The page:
Certain images tell the story of Queens' school overcrowding crisis: closets turned into classrooms, playgrounds gobbled up by annexes, lunch periods pushed back into breakfast time.
But images repeated often enough may lose their power to shock. To understand school overcrowding, an issue that has loomed over educators in Queens for two decades, one may have to look a bit deeper.
The Times/Ledger begins this week an in-depth look at the past, present and future of school overcrowding. The stories in this series will explore how Queens schools reached their current crisis, how crowding affects the quality of education and how parents, educators and policy makers are trying to find a solution.
In its simplest equation, too few classroom seats plus too many students equals school overcrowding. But there are different ways of expressing what overcrowding means.
The two most commonly used measures of crowding are capacity utilization and seats. The Board of Education estimates that every district in Queens will be operating above capacity by 2007, meaning the number of students will exceed the number of classroom seats in the school building.
Using this measure, District 24 in western Queens ranks as the most overcrowded in the city and is projected to reach 170 percent of capacity by 2007 if no new schools are built. At the other end of the spectrum in the borough is District 25 in northeastern Queens, which is projected at 116 percent in seven years.
To make up that shortfall, overcrowded schools use a variety of stopgap measures, such as erecting temporary buildings, converting non-classroom space into classrooms and leasing space in other buildings. In some schools the class day is longer, allowing the schools to stagger students' classes and accommodate more students in a building.
This additional space allows the schools to function beyond their capacity by providing "seats," the hard currency of school construction.
The shortage of seats in Queens that politicians and educators talk about - 22,000 seats over the next seven years in the best case scenario - will be met by not only new school buildings but also a range of temporary measures that could be as unpalatable as losing a playground for a transportable classroom unit or lengthening the class day.
When using the number of seats as the measure of overcrowding, the magnitude of the problem becomes a bit clearer: District 24 will have to fill a shortfall of 18,701 seats by 2007 using whatever methods are available. District 27 is not far behind, needing 15,103 seats, while District 25 faces a shortfall of 3,698 seats.
Capacity utilization and total seats are the two numbers used most often by the Board of Education, but education advocates focus on another - class size. Not surprisingly, the districts with the most overutilized schools also have the largest class sizes.
In Queens, three districts had average class sizes larger than 26 children per teacher at the high end of the range in the borough: Districts 24 and 27 in western Queens and District 29 in southeastern Queens. These same three districts were operating at, respectively, 119, 110 and 113 percent of capacity in 1997. By comparison, the state average is 21 students per class in kindergarten and 23 for grades 1 to 6.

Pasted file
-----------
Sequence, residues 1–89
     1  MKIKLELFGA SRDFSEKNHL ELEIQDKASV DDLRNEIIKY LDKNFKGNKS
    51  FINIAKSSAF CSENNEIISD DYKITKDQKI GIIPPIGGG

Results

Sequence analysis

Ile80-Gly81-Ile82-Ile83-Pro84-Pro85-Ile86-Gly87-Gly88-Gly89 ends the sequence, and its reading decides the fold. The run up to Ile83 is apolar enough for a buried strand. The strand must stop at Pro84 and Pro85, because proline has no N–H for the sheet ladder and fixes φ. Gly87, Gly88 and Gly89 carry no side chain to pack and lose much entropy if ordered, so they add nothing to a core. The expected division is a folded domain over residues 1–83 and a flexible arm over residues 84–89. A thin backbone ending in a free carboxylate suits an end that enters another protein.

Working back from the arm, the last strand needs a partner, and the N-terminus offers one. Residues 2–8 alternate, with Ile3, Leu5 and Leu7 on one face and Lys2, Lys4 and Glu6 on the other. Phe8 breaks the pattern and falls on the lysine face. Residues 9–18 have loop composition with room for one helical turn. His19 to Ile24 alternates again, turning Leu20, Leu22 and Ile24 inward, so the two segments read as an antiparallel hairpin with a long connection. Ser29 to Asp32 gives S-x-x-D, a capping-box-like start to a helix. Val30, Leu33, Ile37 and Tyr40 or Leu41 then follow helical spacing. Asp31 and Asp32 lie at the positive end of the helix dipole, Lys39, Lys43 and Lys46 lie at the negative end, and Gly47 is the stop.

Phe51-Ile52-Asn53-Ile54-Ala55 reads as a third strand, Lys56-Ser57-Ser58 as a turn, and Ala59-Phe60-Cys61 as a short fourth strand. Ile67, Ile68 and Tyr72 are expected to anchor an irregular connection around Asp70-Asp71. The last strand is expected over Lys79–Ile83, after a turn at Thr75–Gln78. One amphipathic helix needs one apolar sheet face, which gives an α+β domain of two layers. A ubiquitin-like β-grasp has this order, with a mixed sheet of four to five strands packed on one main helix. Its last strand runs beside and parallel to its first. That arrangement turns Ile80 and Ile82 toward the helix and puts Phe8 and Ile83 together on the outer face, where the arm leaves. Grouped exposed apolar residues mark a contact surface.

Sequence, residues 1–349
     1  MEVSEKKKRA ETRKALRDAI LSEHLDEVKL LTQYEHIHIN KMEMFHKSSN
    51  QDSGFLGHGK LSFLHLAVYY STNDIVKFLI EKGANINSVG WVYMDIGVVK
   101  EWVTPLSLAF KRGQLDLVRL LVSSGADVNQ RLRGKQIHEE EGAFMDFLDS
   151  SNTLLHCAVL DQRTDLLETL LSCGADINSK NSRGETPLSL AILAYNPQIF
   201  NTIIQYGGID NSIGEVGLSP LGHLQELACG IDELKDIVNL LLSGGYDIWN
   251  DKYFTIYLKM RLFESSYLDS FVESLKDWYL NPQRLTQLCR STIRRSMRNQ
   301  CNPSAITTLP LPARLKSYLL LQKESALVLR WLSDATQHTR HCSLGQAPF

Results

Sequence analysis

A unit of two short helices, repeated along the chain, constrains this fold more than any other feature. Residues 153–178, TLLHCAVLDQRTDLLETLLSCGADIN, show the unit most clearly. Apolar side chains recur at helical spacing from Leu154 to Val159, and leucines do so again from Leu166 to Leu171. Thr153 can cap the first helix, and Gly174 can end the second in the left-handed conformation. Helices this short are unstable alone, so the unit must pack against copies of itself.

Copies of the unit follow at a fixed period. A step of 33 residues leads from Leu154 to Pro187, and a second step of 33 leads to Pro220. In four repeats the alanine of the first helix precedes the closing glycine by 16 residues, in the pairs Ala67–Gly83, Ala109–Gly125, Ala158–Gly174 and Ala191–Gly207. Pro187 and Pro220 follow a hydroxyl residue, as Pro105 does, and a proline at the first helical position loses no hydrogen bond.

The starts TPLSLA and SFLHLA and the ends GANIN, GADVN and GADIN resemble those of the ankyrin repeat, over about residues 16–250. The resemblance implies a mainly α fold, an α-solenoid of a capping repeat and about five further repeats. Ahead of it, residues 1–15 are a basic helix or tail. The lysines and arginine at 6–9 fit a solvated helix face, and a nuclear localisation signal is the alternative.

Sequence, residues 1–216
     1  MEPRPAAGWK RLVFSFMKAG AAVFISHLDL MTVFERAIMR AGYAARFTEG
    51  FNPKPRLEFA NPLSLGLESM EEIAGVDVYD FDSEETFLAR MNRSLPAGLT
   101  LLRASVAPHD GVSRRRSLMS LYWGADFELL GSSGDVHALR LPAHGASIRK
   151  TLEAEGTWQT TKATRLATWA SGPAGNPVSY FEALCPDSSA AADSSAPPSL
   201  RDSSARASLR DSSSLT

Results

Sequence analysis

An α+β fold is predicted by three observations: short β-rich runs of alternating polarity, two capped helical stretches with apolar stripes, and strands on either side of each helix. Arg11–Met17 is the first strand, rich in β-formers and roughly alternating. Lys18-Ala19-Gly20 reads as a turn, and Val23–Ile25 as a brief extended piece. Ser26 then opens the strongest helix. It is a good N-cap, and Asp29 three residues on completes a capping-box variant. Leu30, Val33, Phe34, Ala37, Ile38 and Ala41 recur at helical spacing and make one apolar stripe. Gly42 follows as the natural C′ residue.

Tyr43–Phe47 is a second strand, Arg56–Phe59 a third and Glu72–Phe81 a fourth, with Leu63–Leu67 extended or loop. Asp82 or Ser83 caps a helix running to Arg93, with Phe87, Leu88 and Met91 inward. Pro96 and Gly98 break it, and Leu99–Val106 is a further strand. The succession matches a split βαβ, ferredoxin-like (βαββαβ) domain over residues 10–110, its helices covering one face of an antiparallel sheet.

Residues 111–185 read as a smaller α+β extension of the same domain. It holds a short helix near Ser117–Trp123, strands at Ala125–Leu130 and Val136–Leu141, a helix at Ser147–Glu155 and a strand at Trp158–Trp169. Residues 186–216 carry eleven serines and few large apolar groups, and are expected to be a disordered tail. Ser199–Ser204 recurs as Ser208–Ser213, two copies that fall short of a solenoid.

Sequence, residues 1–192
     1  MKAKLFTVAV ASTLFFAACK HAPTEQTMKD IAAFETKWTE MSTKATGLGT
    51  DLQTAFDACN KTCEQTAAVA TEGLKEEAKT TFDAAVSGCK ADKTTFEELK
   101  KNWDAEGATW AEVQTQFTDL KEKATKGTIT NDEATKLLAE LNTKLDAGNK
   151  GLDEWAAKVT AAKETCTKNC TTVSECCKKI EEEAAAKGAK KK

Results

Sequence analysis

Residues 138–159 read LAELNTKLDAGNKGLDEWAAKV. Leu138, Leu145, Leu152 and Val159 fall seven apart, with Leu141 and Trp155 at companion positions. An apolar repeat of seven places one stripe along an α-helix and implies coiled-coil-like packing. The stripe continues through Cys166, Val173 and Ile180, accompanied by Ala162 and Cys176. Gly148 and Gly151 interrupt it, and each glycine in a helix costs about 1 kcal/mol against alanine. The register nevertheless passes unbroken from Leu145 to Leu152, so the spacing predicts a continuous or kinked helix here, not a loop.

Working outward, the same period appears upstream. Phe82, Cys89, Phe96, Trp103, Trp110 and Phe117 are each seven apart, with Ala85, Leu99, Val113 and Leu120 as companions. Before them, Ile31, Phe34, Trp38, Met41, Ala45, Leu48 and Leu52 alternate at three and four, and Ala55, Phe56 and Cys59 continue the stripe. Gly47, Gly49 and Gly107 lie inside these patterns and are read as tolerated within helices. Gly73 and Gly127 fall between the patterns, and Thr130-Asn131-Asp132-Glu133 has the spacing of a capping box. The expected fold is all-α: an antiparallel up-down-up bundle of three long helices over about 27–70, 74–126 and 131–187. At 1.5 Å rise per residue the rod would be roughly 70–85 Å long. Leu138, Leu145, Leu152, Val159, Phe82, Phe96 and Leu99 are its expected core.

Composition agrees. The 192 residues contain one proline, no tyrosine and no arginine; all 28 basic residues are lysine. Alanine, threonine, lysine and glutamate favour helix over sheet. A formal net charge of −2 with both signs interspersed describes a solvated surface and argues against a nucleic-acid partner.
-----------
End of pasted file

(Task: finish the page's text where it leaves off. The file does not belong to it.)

On the other side of the school crowding balance sheet is the ever-increasing supply of students. But the population of Queens as a whole has remained fairly constant throughout the last decade, with an overall increase in population of just 2.4 percent between 1990 and 1998, according to the U.S. Census Bureau.
This increase is the net result of two trends moving in the opposite direction: people moving out of Queens exceeding immigrants moving in by nearly 64,000 between 1990 and 1998. But the birth rate exceeded the death rate by more than 118,000 for that period, and most of those births were to immigrant households, who tend to be younger and in their child-bearing years.
What has changed is the age of this population. The school-age population of Queens increased five times faster than the general population, jumping 11.6 percent between 1990 and 1998, according to the U.S. Census Bureau. That increase has fueled an influx of students into the public schools: enrollment in Queens' public schools increased by 35 percent between 1985 and 1997, according to the Board of Education.
The rapid growth in the student population came as no surprise to the Board of Education, which commissioned a study in 1990 on the future of school enrollment. The study concluded that the city would experience a rapid increase in the student population in the 1990s, and that most of that growth would occur in Queens.
This projection, which proved to be true, was a reversal of the prior trend in the student population. School enrollment in New York City steadily declined throughout the 1970s and reached a low point of 920,000 students in 1982. Enrollment remained fairly steady during the rest of the 1980s but began to climb in 1990.
This ambitious plan represented a break from the period following the city's 1975 fiscal crisis. Between 1975 and 1983, the overall city budget shrank by 22 percent and more than 15,000 teachers and other school aides were laid off.
During this period, even as total enrollment declined, average class size rose by 25 percent because of the lack of teachers. Capital funds for schools were also frozen, and parts of Queens began to see overcrowded classrooms as early as 1976.
The 1993 capital plan would have addressed some of the rapid student enrollment growth that was already happening in Queens, but the city agreed to fund only $3.4 billion - or less than half of the proposed amount -
©2000 Community News Group
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